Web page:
Skip to main content

Kacharagadla Featured Article

Hard Work Won't Make You Successful -- But Doing This Will

I don’t blame anyone who has become frustrated and disillusioned with the working world. It is a huge disappointment to grow up and realize that most of what we’ve been taught about how to be successful is bad advice. We were taught “Just work hard at whatever job you get, and things will work out.” That’s false. Working hard at your job does not get you much. When you work hard at a job where the boss doesn’t value your efforts, all your hard work gets you is taken for granted. Just working hard by itself will exhaust you and shorten your lifespan without any benefits to you. There has to be more to success than merely working hard, or millions of people around the world would be a lot more successful than they are! If you are at work right now, think about the investment of time and energy you are making. Imagine that you only went home to sleep for four hours a night, and gave up all the rest of your personal time to get more work done. Imagine that you practically lived at your de…

Google Lunar X Prize: Israeli team advances in contest to send spacecraft to moon

In this Saturday, July 12, 2014 file photo, a supermoon rises over Jerusalem’s Old City and the Dome of the Rock. A supermoon is an occurrence when a
In this Saturday, July 12, 2014 file photo, a supermoon rises over Jerusalem's Old City and the Dome of the Rock. A supermoon is an occurrence when a full moon is closest to the earth in its orbit. A team of Israeli engineers is the first to advance in an international competition sponsored by Google to send a privately-funded spacecraft to the moon, contest organizers announced Wednesday, Oct. 7. (AP Photo/Dusan Vranic, File) ( Dusan Vranic )

A team of Israeli engineers is the first to advance in an international competition sponsored by Google to send a privately funded spacecraft to the moon, contest organizers announced Wednesday.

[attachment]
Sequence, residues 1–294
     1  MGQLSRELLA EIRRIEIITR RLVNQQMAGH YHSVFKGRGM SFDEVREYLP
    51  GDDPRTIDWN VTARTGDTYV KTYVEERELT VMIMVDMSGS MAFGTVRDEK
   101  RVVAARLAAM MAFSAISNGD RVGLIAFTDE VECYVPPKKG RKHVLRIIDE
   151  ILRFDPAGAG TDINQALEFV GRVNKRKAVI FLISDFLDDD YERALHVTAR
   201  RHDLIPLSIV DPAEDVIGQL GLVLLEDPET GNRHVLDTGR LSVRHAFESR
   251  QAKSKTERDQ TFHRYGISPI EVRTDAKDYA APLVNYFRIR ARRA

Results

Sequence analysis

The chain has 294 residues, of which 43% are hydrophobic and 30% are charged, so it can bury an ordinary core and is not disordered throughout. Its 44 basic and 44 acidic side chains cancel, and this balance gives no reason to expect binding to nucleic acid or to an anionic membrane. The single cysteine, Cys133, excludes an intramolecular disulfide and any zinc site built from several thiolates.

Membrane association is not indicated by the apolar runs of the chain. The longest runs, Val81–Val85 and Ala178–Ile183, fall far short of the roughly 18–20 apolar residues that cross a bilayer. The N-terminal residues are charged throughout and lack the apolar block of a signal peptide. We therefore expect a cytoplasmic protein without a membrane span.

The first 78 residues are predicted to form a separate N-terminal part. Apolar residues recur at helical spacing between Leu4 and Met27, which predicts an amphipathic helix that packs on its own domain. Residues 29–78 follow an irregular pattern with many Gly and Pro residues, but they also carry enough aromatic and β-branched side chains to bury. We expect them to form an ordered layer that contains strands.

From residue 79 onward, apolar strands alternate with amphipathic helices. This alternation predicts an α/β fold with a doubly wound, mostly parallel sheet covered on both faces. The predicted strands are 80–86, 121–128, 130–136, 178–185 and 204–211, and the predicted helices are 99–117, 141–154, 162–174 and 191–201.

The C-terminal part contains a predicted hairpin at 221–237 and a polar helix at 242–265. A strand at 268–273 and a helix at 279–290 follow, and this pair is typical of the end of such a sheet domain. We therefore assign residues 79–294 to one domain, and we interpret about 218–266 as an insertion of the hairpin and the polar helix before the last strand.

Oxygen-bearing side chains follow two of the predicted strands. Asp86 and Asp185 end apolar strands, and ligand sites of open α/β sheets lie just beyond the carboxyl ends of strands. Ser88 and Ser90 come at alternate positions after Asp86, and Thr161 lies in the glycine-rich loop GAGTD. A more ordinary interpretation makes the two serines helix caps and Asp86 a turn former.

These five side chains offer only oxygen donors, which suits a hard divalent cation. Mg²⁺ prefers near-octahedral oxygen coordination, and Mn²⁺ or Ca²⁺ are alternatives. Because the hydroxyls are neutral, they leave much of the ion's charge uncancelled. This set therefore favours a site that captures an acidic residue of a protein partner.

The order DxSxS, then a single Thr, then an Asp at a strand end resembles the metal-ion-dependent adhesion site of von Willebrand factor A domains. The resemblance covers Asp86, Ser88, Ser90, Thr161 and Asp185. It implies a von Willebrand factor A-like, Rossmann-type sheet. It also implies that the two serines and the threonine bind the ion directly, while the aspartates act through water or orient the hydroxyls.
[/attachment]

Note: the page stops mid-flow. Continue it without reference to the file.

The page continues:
The Israeli nonprofit group SpaceIL has signed a contract with American aerospace manufacturer SpaceX to launch an unmanned spacecraft into lunar orbit -- the first step a team must take toward landing on the moon and winning the $20 million grand prize. The launch is expected to take place in the second half of 2017.

Google's contest is meant to encourage private industry to create new technologies to reach the moon at lower costs than what governments have spent in past lunar expeditions.

"We wanted the everyday man and woman to know that they could be innovators. They could literally build a spacecraft at their university or in their garages," said Chanda Gonzales, senior director of the Google Lunar XPRIZE contest. "You don't have to be NASA."

The Israeli group is the first of 16 competing teams to finalize a contract with a launch provider and approve the technical and financial details with contest organizers, Gonzales said.

Contestants include groups and private companies from the United States, Malaysia, Italy, Japan, Germany, Hungary, Brazil, Canada, Chile and India.

Two U.S. companies -- Astrobotic Technology and Moon Express -- recently announced that they secured launch contracts, but have not yet submitted their agreements to contest organizers for approval, Gonzales said.

To win the contest, contestants must land a rover on the moon, and it must travel 500 meters (about 1,640 feet) and transmit high definition video and images back to Earth.

Instead of designing a robot that detaches from a lander and travels along the moon's surface, SpaceIL's spacecraft would land on the moon and then launch back in the air to land 500 meters away. SpaceIL unveiled its spacecraft design at a conference Wednesday at the Israeli president's residence.

Contestants have until the end of 2016 to secure an approved launch contract. The lunar mission must be completed by the end of 2017.

Source:  www.mercurynews.com

About the Google Lunar XPRIZE
The mission of the Google Lunar XPRIZE is to incentivize space entrepreneurs to create a new era of affordable access to the Moon and beyond.

Created in 2007, the Google Lunar XPRIZE has reinvigorated the public’s interest in the Moon by highlighting the endeavors and technological achievements of the competition’s global teams. It is also inspiring the next generation of scientists, engineers, space explorers, and adventurers.
How does the prize work?
The competition’s $30 million prize purse will be awarded to teams who are able to land a privately funded rover on the moon, travel 500 meters, and transmit back high definition video and images. The first team that successfully completes this mission will be awarded the $20 million dollar Grand Prize. The second team to successfully complete the mission will be awarded $5 million dollars. To win either of these prizes, teams must prove that 90% of their mission costs were funded by private sources. Teams have until the end of 2016 to announce a verified launch contract to remain in the competition and complete their mission by the end of 2017.
In addition, several bonus prizes are available for further technical and scientific achievements, such as surviving the lunar night or visiting an Apollo landing site.

official website: http://lunar.xprize.org

Comments